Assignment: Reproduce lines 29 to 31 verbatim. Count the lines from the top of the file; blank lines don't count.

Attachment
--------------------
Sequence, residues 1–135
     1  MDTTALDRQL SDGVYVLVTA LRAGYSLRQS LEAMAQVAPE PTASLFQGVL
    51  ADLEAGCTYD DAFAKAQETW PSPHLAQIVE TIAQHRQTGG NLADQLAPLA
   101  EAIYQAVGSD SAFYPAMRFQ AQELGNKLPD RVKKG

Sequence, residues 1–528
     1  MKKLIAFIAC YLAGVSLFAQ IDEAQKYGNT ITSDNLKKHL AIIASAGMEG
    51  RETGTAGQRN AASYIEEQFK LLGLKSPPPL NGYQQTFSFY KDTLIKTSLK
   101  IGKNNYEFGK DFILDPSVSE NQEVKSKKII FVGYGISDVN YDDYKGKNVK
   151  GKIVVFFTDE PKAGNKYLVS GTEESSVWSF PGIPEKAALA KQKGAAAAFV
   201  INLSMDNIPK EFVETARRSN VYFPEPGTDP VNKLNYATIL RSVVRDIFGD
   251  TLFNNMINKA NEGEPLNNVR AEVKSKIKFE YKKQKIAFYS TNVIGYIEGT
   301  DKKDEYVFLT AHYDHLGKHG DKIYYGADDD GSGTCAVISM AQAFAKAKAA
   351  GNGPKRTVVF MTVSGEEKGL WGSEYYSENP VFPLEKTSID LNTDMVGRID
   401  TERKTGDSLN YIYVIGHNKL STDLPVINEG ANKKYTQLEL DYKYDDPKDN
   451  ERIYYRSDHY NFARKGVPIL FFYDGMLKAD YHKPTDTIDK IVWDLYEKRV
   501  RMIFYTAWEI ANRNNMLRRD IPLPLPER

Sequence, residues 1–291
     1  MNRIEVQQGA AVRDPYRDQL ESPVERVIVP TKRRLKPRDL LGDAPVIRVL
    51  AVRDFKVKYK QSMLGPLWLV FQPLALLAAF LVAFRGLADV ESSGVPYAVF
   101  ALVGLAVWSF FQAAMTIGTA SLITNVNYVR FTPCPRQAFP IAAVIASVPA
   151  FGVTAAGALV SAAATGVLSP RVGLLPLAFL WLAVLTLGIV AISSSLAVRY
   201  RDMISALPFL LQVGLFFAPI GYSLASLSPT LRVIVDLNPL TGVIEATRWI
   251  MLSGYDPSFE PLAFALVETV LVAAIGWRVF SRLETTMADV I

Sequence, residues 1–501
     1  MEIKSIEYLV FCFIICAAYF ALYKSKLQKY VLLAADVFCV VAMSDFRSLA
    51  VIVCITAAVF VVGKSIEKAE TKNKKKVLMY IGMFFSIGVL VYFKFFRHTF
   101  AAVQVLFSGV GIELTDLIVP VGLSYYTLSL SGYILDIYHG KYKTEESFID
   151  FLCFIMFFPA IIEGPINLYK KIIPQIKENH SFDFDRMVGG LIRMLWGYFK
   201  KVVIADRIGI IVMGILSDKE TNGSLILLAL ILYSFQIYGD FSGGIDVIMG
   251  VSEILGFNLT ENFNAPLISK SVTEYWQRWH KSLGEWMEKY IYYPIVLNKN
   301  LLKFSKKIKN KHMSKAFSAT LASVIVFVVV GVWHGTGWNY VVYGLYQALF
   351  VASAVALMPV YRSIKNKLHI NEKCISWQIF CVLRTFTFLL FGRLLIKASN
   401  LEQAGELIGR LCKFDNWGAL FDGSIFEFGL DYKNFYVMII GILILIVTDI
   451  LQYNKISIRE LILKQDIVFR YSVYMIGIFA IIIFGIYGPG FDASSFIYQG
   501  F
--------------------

   201  KVVIADRIGI IVMGILSDKE TNGSLILLAL ILYSFQIYGD FSGGIDVIMG
   251  VSEILGFNLT ENFNAPLISK SVTEYWQRWH KSLGEWMEKY IYYPIVLNKN
   301  LLKFSKKIKN KHMSKAFSAT LASVIVFVVV GVWHGTGWNY VVYGLYQALF